Makes 18 Drago's Charbroiled Oysters

    Prep Time: 15 minutes Cook Time: 5 minutes Total Time: 20 minutes Ingredients:

    • 8 ounces (2 sticks) softened butter
    • 2 tablespoons finely chopped garlic
    • 1 teaspoon black pepper
    • Pinch dried oregano
    • 1 1/2 dozen large, freshly shucked oysters on the half shell
    • 1/4 cup grated Parmesan and Romano cheeses, mixed
    • 2 teaspoons chopped flat-leaf parsley


    Note: Tommy Cvitanovich of Drago's Seafood Restaurant says, "This is the perfect dish for those who want to enjoy oysters in their unadorned form, but can't or won't eat them raw. Once you start eating these charbroiled ones, you won't be able to stop. Don't attempt this without freshly shucked oysters and an outdoor grill."
    1. Heat a gas or charcoal grill. In a medium bowl, mix butter with garlic, pepper, and oregano.
    2. Place oysters on the half shell right over the hottest part. Spoon enough of the seasoned butter over the oysters so that some of it will overflow into the fire and flame up a bit.
    3. The oysters are ready when they puff up and get curly on the sides, about 5 minutes. Sprinkle the grated Parmesan and Romano and the parsley on top. Serve on the shells immediately with hot French bread.


    There is always the raw option.  In this case you need the perfect sauce!

    Cajun Oyster Sauce
    from Reily Foods
    1/4 teaspoon horseradish
    2 tablespoons ketchup


    Combine all ingredients.


    Now you are ready to ENJOY!!! Happy Valentine's Day from Totally Nawlins!


    For the seasonings, spice blends, and sauces to make your Cajun cooking absolutely perfect, check out the online store of Totally Nawlins. We stock ingredients that you can only find in Louisiana stores and ship them across the nation so you can always bring the spirit of Cajun culture to your kitchen. Shop with us online or call us at (985) 377-9253.


    • Try Me Oyster--Shrimp-Sauce
    • Try Me Cajun Sunshine

    Need Valentine's Day ideas??? We got 'em!

    Last updated 5 years ago

    Want to make this Valentine's Day super special this year? We suggest to spice things up a bit with a delicious 3 course Cajun inspired meal!

    • cajun-spice-shrimp
    • Valentine's Day


    Spicy Cajun Shrimp

    Serves 6 to 8 as an appetizer or 4 as a main course

    Serve this tongue tantalizing dish as a substantial appetizer with crusty French bread or with spicy okra muffins for a main course.

    1 tablespoon butter
    1 tablespoon extra-virgin olive oil
    1/4 cup diced onion
    1 large clove garlic, minced
    1 red or green bell pepper, seeded, diced
    1 rib celery, diced
    1 (14.5-ounce) can stewed tomatoes
    1/4 cup dry white wine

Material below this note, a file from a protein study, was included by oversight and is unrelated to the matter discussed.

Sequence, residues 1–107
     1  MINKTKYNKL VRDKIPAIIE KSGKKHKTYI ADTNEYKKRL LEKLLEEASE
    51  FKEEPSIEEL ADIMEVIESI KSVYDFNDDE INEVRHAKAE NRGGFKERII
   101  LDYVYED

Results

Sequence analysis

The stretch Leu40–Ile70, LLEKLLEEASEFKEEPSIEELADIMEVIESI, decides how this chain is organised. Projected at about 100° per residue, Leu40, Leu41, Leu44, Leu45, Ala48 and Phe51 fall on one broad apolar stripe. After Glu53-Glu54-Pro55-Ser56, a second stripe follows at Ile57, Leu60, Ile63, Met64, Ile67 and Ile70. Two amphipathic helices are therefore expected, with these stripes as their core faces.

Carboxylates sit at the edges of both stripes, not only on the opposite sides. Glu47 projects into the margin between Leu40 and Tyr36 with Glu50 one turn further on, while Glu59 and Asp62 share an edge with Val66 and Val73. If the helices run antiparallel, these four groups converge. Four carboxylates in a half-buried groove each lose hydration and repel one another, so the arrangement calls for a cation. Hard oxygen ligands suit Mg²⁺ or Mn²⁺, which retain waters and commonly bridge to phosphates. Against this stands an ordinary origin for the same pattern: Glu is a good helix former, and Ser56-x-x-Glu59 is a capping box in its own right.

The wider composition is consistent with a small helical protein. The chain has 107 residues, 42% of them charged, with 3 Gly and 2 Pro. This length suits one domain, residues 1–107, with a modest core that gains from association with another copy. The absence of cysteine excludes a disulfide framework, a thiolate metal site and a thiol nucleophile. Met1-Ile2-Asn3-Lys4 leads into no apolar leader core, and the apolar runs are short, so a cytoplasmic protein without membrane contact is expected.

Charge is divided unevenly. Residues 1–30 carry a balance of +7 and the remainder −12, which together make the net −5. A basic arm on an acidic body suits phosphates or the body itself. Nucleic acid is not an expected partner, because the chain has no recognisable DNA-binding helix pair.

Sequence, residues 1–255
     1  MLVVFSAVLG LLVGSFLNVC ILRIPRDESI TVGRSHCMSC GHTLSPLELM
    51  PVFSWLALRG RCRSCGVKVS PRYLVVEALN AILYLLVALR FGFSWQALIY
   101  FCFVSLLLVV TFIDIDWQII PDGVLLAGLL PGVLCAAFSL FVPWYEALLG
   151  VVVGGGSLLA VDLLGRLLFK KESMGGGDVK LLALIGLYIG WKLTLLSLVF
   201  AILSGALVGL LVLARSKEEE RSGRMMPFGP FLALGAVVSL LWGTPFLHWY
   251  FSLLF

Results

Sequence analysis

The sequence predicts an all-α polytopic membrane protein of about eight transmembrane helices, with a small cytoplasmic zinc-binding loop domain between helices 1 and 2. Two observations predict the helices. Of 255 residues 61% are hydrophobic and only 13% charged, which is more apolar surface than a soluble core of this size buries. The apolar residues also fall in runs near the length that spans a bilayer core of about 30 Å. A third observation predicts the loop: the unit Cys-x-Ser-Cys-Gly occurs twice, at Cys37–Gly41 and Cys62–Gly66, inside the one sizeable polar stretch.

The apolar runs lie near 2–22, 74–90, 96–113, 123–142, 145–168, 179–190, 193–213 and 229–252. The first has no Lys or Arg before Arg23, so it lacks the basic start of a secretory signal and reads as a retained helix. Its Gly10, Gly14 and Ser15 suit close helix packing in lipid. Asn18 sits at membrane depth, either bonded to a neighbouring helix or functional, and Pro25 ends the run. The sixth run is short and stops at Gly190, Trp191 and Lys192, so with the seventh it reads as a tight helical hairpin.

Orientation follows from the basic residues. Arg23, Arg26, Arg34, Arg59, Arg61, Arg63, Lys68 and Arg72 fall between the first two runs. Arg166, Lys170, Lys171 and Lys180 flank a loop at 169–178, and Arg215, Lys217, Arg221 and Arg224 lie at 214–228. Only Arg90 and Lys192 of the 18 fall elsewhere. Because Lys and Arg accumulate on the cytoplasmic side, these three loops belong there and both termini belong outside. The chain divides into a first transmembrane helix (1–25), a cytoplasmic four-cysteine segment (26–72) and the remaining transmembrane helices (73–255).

1/4 teaspoon Tabasco sauce (optional)
    1/2 teaspoon kosher salt
    1/4 teaspoon freshly ground black pepper
    1/2 teaspoon celery seed
    1 teaspoon dried thyme
    1-1/2 tablespoons fresh parsley
    1 pound shrimp, shelled, deveined

    1. In large skillet over medium-high heat, melt butter and swirl in olive oil. Add onion, garlic, bell pepper and celery and saute until tender.

    2. Add tomatoes, wine, Tabasco, and seasonings and bring to a simmer. Reduce heat to low and continue to simmer for 30 minutes, stirring occasionally.

    3. Add shrimp and simmer until shrimp are pink. Serve hot.



    Spicy Cajun Chicken

    Serves 4

    The creaminess and delectable heat of the dish will weaken your knees and leave you swooning. Add a crisp green salad to cool and cleanse your palate.

    6 ounces linguine pasta, or pasta of your choice
    2 boneless, skinless chicken breast halves, cut into 1-inch chunks
    2 teaspoons Cajun seasoning
    2 tablespoons butter
    1 green bell pepper, seeded, chopped
    1/2 red bell pepper, seeded, chopped
    4 large button mushrooms, sliced
    1 green onion, minced
    1-1/2 cups heavy cream
    1/4 teaspoon dried basil
    1/4 teaspoon lemon pepper
    1/4 teaspoon kosher salt
    1/8 teaspoon garlic powder
    1/8 teaspoon freshly ground black pepper
    2 tablespoons grated Parmesan cheese

    1. Bring a large pot of lightly salted water to a boil. Add pasta and cook for 8 to 10 minutes or until al dente. When pasta is done, drain and set aside.

    2. While the pasta is cooking, place chicken and Cajun seasoning in a bowl, tossing to coat.

    3. In large skillet over medium heat, saute chicken in butter until no longer pink and the juices run clear when a breast is pierced with a knife, about 5 to 7 minutes.

    4. Add peppers, mushrooms and green onion and cook, stirring occasionally, until vegetables are tender, about 5 minutes. Reduce heat and stir in heavy cream. Season sauce with basil, lemon pepper, salt, garlic powder and pepper, and heat through.

    5. In a large bowl, toss pasta with sauce. Sprinkle with grated Parmesan cheese.



    Cajun Bread Pudding with Bourbon Sauce

    Serves 6

    Rich and custardy bread pudding doused with a sweet Bourbon sauce is a real Cajun treat.

    1 loaf day old French bread, cubed
    1 quart milk